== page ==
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Vim plugin for hsimport

hsimport Vim Plugin

vim-hsimport is a Vim plugin that automatically creates import statements for Haskell source files for the symbol/identifier under the cursor.

vim-hsimport can create import statements for the whole module, for only the desired symbol/indentifier and is also able to create qualified module import statements.

By using hdevtools in conjunction with a cabal sandbox, dynamically only the modules of packages are considered, which your project depends on.

vim-hsimport does also consider the modules of your current project.

If the symbol/identifier is contained in multiple modules, then a selection dialog is shown.

In conjunction to the hsimport command the Vim plugin also uses the command hdevtools and the Vim plugin vim-hdevtools.

I highly recommend the usage of cabal-cargs for the configuration of hdevtools and vim-hsimport, see the configuration section for further details.

Currently you need to use forks of hdevtools and vim-hdevtools to get a working version of vim-hsimport, please see the installation section for details.

Currently the biggest issue is if and how modules of your current project are considered for the import, please see the issues section.

Features / Vim Commands

HsimportModule imports the whole module of the symbol/identifier under the cursor.

HsimportSymbol imports only the symbol/indentifier under the cursor.

If the symbol/indentifier under the cursor is contained in multiple modules, then a selection dialog will be shown.

If the symbol has a module qualifier e.g. Text.pack, then both commands will create a qualified import for the selected module. If the module Data.Text was selected, then the created import statement will be import qualified Data.Text as Text.

The first call of either command might take several seconds, because hdevtools has to cache all of the modul informations.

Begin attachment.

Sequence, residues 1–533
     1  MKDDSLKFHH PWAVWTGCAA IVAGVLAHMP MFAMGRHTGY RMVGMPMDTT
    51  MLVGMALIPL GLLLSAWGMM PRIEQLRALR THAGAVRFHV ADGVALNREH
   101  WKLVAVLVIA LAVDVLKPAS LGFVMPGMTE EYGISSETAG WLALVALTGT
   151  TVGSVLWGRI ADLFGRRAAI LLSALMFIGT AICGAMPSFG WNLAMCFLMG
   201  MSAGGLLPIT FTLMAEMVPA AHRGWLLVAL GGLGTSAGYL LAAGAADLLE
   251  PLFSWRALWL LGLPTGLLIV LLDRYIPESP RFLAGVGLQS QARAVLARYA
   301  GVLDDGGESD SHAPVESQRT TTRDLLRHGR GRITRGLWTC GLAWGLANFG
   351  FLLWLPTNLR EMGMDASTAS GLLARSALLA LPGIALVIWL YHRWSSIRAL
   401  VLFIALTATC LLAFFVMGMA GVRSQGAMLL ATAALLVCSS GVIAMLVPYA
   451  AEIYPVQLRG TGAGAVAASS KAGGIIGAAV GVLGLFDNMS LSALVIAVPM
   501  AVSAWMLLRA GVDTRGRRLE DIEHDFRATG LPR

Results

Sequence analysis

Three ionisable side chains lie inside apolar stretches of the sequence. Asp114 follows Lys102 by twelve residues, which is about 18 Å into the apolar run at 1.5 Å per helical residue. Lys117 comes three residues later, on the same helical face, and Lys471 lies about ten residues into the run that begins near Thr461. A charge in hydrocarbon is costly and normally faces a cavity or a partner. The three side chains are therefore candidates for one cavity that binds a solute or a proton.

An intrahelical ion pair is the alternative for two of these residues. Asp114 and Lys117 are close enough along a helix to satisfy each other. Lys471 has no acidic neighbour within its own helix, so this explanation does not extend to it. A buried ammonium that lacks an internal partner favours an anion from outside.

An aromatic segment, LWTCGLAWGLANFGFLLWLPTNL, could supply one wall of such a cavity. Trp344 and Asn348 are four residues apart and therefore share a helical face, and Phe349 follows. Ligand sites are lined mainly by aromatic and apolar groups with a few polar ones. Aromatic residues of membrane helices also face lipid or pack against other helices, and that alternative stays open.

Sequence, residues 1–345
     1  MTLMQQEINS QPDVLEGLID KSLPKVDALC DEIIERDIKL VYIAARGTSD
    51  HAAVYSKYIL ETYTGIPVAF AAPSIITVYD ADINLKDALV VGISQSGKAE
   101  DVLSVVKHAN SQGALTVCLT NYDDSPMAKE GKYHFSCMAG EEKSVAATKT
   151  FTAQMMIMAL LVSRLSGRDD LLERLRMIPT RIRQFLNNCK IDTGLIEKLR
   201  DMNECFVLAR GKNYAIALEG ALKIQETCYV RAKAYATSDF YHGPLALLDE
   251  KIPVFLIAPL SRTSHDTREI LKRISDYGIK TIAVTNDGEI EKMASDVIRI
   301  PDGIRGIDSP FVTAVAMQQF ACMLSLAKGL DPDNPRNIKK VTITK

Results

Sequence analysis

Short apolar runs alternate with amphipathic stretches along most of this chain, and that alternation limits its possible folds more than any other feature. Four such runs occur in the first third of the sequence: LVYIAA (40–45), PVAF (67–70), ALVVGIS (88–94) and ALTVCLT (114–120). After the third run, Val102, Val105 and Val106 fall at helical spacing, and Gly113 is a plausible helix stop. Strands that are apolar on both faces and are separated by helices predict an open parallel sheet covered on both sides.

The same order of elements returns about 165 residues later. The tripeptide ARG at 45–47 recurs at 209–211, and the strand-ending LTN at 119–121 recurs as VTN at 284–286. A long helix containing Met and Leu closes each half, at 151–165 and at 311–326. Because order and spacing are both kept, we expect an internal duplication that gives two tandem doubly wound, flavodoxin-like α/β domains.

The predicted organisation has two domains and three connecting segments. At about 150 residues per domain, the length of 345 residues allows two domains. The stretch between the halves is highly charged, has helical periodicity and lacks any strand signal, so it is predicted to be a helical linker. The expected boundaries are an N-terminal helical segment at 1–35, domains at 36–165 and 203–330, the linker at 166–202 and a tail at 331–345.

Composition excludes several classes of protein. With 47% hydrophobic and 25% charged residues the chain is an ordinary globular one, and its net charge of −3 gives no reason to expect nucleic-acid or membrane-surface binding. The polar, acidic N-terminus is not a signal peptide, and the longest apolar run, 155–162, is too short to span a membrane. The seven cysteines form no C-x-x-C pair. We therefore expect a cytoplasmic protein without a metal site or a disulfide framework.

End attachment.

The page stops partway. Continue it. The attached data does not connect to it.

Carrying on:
1. Ensure that you're having a cabal-install version greater or equal than 1.18, to be able to use cabal sandboxes. You can update your version by:

    $ cabal install cabal-install
  2. Install hsimport, using a cabal sandbox is the recommend way:

    $ mkdir your_hsimport_build_dir
    $ cd your_hsimport_build_dir
    $ cabal sandbox init
    $ cabal install hsimport

    Your hsimport binary is now at your_hsimport_build_dir/.cabal-sandbox/bin/hsimport.

    You now most likely want to create a symbolic link from a directory which is contained in your $PATH e.g.:

    $ ln -s $PWD/your_hsimport_build_dir/.cabal-sandbox/bin/hsimport ~/bin/hsimport
  3. Install the fork of hdevtools, using a cabal sandbox is the recommend way:

    $ git clone your_hdevtools_build_dir
    $ cd your_hdevtools_build_dir
    $ cabal sandbox init
    $ cabal install

    Your hdevtools binary is now at your_hdevtools_build_dir/.cabal-sandbox/bin/hdevtools.

    You now most likely want to create a symbolic link from a directory which is contained in your $PATH e.g.:

    $ ln -s $PWD/your_hdevtools_build_dir/.cabal-sandbox/bin/hdevtools ~/bin/hdevtools
  4. Install cabal-cargs (>= 0.4), using a cabal sandbox is the recommend way:

    $ mkdir your_cabal-cargs_build_dir
    $ cd your_cabal-cargs_build_dir
    $ cabal sandbox init
    $ cabal install cabal-cargs

    Your cabal-cargs binary is now at your_cabal-cargs_build_dir/.cabal-sandbox/bin/cabal-cargs.

    You now most likely want to create a symbolic link from a directory which is contained in your $PATH e.g.:

    $ ln -s $PWD/your_cabal-cargs_build_dir/.cabal-sandbox/bin/cabal-cargs ~/bin/cabal-cargs
  5. Install vim-hsimport. pathogen.vim is the recommended way:

    $ cd ~/.vim/bundle
    $ git clone